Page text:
JOURNAL ENTRIES1864: I have nothing in my journal of special note until the October Conference, when I was called with many others to assist the settlements in the south part of the Territory by taking provisions, clothing, goods, money etc. and expending it in improvements, giving employment to the settlers there and to enable them to build up and improve the various settlements there. Make other settlements and develop the possibility and property, improving the country and sustaining themselves. The cultivation of cotton and tropical and other fruits, being the strongest motives. (Especially Washington and St. George and to form other settlements farther down the Virgin River.)
November 19, 1864: I started south on my mission, taking Elias Cox with me. With carpenter tools to assist in building, one wagon and two horses, loaded with about 1400 lbs. of flour and other provisions, leather boots, shoes, dry goods, groceries, etc.
December 8, 1864: Arrived at St. George, having been previously requested by Pres. Erastus Snow to devote energy and assistance there if I was willing to do so, after seeing the place. I told Br. Snow before I started from home that as I had always heard that St. George was about the hardest place in "Dixie" I would see St. George before starting and I acted accordingly. I looked about for several days, endeavoring to obtain a lot on which to operate. Had several offers at enormous prices. Finally I bought a lot from Bro. John Lang, for which I paid him $280. It was as poor as poverty itself. Contained less than one acre of land. There was on the lot an adobe corral with rock foundation which I used in part for building material, also a few small peach trees, and a very few grape vines. I engage 700 (hundred) feet of lumber and left Elias Cox with means to the amount of $180, exclusive of the rock and adobe, to proceed to building a small house.
December 17, 1864: I started for home (as St. George was a hard place to keep a team) intending to arrange my business reload and return during the winter.
January 14, 1865: I bought two city lots in St. George from G. W. Bankhead for $130 on which I had to pay about $30 more for expenses that had accrued. I had on my first trip bought about $30 worth of fruit trees of various kinds from Bro. B. F. Pendleton to be set out on my lot at the proper time, and as I could not consistently be there in good time to plant the trees, I wrote to Bro. Pendleton to have them set in good order at the right time.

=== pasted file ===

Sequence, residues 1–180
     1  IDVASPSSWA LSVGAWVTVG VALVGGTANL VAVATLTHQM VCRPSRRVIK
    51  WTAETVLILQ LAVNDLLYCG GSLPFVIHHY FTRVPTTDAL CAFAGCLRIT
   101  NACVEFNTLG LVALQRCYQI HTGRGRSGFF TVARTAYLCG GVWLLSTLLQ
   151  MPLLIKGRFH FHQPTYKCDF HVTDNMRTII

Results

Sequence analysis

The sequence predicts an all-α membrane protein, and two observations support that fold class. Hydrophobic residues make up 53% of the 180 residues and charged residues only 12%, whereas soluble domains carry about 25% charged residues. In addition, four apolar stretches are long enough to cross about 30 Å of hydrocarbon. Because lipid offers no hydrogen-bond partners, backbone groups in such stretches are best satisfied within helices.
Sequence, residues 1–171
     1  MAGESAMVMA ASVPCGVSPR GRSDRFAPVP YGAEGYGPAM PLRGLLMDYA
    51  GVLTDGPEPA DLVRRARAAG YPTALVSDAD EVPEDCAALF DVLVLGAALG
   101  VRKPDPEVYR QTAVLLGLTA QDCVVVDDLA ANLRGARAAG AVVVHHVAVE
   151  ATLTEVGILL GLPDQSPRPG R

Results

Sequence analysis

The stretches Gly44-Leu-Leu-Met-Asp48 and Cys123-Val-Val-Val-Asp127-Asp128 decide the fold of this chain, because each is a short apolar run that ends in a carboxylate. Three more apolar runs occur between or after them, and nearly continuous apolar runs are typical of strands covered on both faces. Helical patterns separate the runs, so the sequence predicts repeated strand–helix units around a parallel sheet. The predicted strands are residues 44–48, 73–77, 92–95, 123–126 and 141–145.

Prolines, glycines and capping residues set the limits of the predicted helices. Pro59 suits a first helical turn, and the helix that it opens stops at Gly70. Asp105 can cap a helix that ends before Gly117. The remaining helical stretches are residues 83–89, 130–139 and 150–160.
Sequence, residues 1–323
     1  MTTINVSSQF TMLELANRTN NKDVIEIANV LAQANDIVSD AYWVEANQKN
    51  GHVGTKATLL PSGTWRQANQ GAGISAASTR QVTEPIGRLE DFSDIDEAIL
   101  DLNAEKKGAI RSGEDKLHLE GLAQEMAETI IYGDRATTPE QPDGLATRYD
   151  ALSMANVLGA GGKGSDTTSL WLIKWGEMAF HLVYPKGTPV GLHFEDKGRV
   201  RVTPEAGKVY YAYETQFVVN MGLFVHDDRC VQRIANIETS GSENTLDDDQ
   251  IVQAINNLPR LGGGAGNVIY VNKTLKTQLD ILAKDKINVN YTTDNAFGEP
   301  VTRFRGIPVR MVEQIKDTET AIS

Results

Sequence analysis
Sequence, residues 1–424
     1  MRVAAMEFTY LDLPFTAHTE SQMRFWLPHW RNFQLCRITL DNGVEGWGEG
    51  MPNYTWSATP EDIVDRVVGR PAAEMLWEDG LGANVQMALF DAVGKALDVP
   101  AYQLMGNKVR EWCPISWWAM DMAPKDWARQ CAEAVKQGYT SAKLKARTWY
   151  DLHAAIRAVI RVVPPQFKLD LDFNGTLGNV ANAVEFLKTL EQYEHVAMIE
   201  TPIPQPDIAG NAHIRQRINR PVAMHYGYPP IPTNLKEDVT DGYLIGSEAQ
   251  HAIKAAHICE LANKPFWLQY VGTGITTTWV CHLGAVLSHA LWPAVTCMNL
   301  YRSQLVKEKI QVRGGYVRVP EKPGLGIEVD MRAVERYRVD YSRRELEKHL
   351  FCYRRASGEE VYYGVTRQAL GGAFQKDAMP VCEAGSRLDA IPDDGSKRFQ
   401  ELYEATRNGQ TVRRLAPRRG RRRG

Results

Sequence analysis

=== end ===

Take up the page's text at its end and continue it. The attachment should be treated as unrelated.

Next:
May 3, 1865: Started for St. George, loaded pretty much as at the first trip. Some more dry goods arrived on the 14th all right. On my arrival I found my lot in a flourishing condition, trees all set and growing nicely.
May 3 [sic], 1865: To my disappointment, I found that Elias Cox had left the country and had made little progress in building. I soon contracted with a mason (Bro. E. Parry) to put up a small house, also engaged a sufficient quantity of lumber from Bros. Cragun, Foster and Moody. Also engage Bro. Isaiah Cox to do the carpenter work, and paid them mostly in advance, as they needed the pay and I had it on hand. In two months the house was completed.
May 22, 1865: Left St. George for home. Brought four passengers, for which they paid me $38 in gold coin. Found all well, and my little crop which I planted before I left home. Arrived on the 31st of May.
August 15, 1865: At the request of Pres. Young I gave him a written detail of my labors and expenitures [sic] in St. George, and on the 31st. day of August I received by mail the following approval from him.
After receiving the above from President Brigham Young I employed Bro. B. F. Pendleton to take charge of my business at St. George and directed him to fill my lot with choice varieties of grapes and other fruit, which was done in the ensuing spring, also to add other improvements such as fencing etc. and thus use all the income of rents without other means.
October 14, 1865: I donated $20 to the St. George Hall. (This fall I built a good adobe barn with granite foundation and good floor and roof). Completed November 1.
REFERENCESSilas Richards entry in the
LDS Biographical Encyclopedia
by Andrew Jenson
Volume 2, Page 327
Silas Richards entry in the LDS Biographical Encyclopedia
with the Union Ward East, Jordan Stake entry from the Encyclopedic History of the Church, pp.898-899
and the History Of Union Fort Cemetery
Information on the Silas Richards Company crossing of the plains in 1849
"Silas Richards-Pioneer 1849."
In Our Pioneer Heritage, compiled by Kate B. Carter, 15:109-17.
Salt Lake City: Daughters of Utah Pioneers, 1972.
Family Group Sheet for Augustus & Frances Lee Doggett Richards and Their Children
Family Group Sheet for Silas & Elizabeth McClanahan Richards and Their Children
Family Group Sheet for Silas & Keziah Frances Brady Richards and Their Children